For some fortunate cities and regions, there exists in the nexus of the LGBTQ community a hub or center where members can meet, celebrate, mourn and receive services.

San Diego is one such city and the past years have shown impressive and responsive programming from the San Diego LGBT Community Center (The Center).

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Kathy Griffin to the rescue

Posted: March 31st, 2017 | Features, Interviews, Top Story | No Comments

By Chris Azzopardi

Of course Kathy Griffin’s manager asks if our conversation is being recorded — have you heard her talk?

Luckily, the celeb-skewering, gay-loving, Trump-hating comedienne’s filterless mouth moves at a meteoric pace, which is good news for anyone who wants to know her thoughts on basically everything: the practicality of celebrity activism, her idea for a “My Life on the D-List” spinoff and the surprising number of people she meets who say they’ve never encountered a gay person.

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Open minds and open hearts

Posted: March 17th, 2017 | Features, News, Top Story | No Comments

By Morgan M. Hurley | Editor

The leather community has always been many things to many people, not only within our greater LGBT community, but even those beyond; and it hasn’t always been positive.

Local activists and partners, in both business and life, Buster Adams and AJ Turner, are planning to up the ante and expand what the leather community means to everyone.

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LGBT on the links

Posted: March 17th, 2017 | Features, Interviews, News, Sports & Fitness, Top Story | No Comments

By Morgan M. Hurley | Editor

The annual Kia Classic tennis tournament — March 20–26, at the Park Hyatt Aviara Resort in Carlsbad — is the closest San Diegans get to the LPGA tour, unless they take a trip to Palm Springs the following week for the ANA Inspiration championship (formerly the Kraft Nabisco Championship), during Dinah Shore Weekend.

The 2017 Kia will feature 144 women golfers, including Paula Creamer, Stacy Lewis, Michelle Wei, Lexi Thompson, and the 2016 winner, Lydia Ko.

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Corned beef for the birthday boy

By Frank Sabatini Jr.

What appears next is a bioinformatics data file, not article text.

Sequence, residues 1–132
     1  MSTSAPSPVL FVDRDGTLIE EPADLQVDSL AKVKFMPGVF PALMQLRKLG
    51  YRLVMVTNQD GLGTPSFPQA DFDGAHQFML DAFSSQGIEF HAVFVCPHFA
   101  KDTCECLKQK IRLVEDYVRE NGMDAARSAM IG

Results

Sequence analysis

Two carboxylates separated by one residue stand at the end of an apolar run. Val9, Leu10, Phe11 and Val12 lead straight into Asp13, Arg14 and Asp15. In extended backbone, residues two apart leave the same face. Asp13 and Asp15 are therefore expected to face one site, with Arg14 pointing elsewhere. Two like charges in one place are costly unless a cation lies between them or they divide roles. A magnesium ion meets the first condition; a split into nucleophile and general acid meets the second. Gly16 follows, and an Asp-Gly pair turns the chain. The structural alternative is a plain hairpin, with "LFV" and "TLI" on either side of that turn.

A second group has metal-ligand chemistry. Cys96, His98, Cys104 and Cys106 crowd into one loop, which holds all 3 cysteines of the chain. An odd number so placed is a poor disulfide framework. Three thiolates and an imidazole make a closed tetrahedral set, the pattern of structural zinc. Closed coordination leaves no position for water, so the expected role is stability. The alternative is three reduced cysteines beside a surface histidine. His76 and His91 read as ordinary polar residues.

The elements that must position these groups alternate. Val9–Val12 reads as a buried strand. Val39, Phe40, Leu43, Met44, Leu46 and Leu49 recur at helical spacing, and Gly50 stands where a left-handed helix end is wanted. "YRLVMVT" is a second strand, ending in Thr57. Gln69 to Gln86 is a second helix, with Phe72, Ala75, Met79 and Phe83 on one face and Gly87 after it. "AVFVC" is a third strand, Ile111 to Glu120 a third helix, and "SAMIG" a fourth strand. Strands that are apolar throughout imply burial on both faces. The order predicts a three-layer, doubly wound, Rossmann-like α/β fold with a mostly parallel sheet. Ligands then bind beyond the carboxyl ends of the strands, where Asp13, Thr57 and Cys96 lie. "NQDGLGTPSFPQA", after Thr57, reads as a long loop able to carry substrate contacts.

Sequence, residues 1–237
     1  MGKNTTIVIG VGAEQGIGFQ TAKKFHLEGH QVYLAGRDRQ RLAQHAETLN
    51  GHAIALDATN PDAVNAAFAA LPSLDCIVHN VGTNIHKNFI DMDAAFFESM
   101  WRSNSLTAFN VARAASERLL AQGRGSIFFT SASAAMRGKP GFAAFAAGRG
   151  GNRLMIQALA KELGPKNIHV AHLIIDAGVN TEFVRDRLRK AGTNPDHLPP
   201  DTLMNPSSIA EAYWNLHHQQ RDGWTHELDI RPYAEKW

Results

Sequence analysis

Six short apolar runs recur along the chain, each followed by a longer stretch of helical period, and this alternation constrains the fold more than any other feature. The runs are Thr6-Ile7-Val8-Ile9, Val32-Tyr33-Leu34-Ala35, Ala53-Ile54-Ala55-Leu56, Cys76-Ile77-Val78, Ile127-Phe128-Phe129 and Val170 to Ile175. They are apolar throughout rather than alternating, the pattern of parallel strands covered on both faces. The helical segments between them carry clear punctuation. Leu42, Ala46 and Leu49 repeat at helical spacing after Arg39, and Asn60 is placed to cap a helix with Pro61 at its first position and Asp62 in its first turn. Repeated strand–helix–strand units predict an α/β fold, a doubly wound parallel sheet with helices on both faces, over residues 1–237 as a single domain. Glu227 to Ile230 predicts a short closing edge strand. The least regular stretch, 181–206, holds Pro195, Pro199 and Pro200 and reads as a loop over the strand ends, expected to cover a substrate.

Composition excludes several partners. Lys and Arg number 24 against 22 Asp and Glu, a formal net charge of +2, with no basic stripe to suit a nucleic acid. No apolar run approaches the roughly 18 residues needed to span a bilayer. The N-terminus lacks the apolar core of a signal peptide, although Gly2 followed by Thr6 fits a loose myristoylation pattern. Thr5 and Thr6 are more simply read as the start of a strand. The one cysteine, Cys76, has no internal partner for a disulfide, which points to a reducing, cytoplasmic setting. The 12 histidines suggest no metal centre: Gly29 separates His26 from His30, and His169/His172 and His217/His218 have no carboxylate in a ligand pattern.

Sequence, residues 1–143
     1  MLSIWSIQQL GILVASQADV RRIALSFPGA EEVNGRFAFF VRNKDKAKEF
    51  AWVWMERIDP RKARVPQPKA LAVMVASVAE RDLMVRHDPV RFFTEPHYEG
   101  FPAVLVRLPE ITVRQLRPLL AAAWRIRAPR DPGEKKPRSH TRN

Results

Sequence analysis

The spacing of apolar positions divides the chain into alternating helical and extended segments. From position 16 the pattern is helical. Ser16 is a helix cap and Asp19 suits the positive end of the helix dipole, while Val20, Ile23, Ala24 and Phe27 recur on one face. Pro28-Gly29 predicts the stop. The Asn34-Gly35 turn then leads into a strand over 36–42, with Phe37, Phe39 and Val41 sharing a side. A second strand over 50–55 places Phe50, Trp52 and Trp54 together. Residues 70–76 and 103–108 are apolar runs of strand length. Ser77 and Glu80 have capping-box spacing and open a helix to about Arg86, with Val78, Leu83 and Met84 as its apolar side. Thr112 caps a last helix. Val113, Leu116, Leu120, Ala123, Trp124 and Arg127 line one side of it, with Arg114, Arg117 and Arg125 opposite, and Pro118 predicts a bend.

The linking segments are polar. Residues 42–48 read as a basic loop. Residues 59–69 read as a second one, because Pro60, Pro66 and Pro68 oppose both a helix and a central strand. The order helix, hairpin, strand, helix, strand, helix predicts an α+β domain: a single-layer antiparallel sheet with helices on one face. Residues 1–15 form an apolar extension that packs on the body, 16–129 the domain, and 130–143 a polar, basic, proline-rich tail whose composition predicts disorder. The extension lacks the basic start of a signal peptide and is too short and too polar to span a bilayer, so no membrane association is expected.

My spouse’s birthday is on St. Patrick’s Day and I’ll be damned if I take another chance cooking him corned beef for the occasion. For two years in a row, they’ve yielded gross amounts of incorrigible fat. This time around, he gets homemade lasagna with a green candle in the middle.

Though in the week leading up to the celebration, we sated our corned beef desires over brunch at McGregor’s Grill & Ale House, which opened a stone’s throw away from Qualcomm Stadium, 20 years ago.

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All About Susan

Posted: March 17th, 2017 | Features, Interviews, News, Top Story | No Comments

By Chris Azzopardi

Maybe gay people are customarily compelled to thank Susan Sarandon for her longstanding advocacy, because that’s how I begin my frank, anything-goes conversation with the 70-year-old multi-hyphenate.

After all, no matter where you stand on Sarandon’s divisive decision to vote for Green Party candidate Jill Stein in the recent presidential election, we can all agree that the Oscar-winning actress has used her massive screen-icon prestige to aid in the advancement of LGBT rights.

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‘Blameless’: Journeys of grief

By Charlene Baldridge | Theater Review

Despite wonderful casting and Gaye Taylor Upchurch’s sensitive direction, the world premiere of Nick Gandiello’s family drama, “The Blameless,” seems somehow under-cooked.

Developed in part in a reading at the Old Globe’s Powers New Voices Festival last year, the piece, which concerns grieving and forgiveness, continues at the White Theatre through March 26.